‘Old Bottle, New Wine’? Xinjiang Bingtuan and China’s Ethnic Frontier Governance

Yuchao Zhu and Dongyan Blachford, “‘Old Bottle, New Wine?’ Xinjiang Bingtuan and China’s Ethnic Frontier Governance,” Journal of Contemporary China, 16 September 2015.


Zhu and Blachford maintain that Xinjiang must be understood in terms of frontier governance, and that Bingtuan, a state-run economic and paramilitary organization, will continue to shape the state’s approach to the region’s development, stability, and ethnic relations.


Xinjiang Production and Construction Corps (Xinjiang Shengchan Jianshe Bingtuan—shortened form Bingtuan) is a distinctive military agricultural settlement and production institution in China’s western region, Xinjiang.It is also a modern form of China’s traditional ethnic frontier governing mechanism. This article discusses Bingtuan’s historical precedents, modern development and innovative change for Xinjiang governance. In an examination of Bingtuan’s main functions for China’s ethnic frontier governance, this article argues that in addition to economic sustainability and territorial security, Bingtuan played an important but multifaceted role in ethnic relations in Xinjiang, such as territorial fragmentation, ethnic separation and redefinition of regional identity; therefore Bingtuan not only makes its administrated area China’s ‘frontier of settlement’ but also acts as a key state agency for whatever future Xinjiang might have.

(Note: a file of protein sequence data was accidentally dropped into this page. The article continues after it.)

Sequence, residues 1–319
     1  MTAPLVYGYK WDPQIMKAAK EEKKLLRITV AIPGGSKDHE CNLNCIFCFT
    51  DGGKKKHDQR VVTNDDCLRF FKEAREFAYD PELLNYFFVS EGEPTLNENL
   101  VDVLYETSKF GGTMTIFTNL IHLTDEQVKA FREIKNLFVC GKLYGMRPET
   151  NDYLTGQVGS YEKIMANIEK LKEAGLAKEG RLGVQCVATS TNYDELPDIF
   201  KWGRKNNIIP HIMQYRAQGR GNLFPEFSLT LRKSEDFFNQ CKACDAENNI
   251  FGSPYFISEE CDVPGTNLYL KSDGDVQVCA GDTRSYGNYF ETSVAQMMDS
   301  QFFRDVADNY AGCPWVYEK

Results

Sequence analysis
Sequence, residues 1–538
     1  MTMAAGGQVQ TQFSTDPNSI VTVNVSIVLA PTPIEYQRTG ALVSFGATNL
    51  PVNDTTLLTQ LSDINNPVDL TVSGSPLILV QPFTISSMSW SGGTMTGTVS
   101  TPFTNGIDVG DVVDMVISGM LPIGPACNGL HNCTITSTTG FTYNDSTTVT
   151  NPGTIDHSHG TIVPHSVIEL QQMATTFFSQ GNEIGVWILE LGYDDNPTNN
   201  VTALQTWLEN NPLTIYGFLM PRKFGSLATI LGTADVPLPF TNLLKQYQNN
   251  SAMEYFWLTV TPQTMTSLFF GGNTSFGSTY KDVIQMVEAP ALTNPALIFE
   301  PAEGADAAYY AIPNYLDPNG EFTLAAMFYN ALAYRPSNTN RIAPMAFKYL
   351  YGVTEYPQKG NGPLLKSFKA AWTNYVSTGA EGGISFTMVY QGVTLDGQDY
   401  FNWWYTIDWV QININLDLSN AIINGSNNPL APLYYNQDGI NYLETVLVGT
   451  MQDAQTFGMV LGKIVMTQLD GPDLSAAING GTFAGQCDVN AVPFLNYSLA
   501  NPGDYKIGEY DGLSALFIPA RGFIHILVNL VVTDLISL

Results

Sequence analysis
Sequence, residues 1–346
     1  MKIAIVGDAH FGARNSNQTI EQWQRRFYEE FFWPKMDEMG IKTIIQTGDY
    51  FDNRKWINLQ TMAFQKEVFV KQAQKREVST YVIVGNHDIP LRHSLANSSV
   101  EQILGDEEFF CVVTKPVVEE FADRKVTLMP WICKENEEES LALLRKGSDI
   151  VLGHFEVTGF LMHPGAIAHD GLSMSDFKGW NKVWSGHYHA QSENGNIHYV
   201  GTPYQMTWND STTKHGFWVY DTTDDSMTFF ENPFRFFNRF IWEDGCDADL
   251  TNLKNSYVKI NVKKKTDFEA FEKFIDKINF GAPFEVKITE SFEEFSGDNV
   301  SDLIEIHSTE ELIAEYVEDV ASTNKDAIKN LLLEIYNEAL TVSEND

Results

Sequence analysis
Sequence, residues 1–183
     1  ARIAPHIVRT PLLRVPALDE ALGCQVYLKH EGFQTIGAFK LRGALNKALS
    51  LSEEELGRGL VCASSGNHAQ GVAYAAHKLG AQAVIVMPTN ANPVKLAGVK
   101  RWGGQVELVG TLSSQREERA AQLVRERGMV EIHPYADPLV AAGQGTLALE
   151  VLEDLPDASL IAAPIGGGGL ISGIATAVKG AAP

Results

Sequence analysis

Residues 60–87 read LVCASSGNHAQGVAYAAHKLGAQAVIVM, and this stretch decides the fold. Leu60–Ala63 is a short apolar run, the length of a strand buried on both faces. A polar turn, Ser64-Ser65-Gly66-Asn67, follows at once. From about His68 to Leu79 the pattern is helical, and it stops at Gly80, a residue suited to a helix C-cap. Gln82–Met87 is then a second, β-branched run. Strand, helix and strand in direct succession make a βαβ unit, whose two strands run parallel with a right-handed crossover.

Keywords: Bingtuan, Frontier Governance, Ethnicity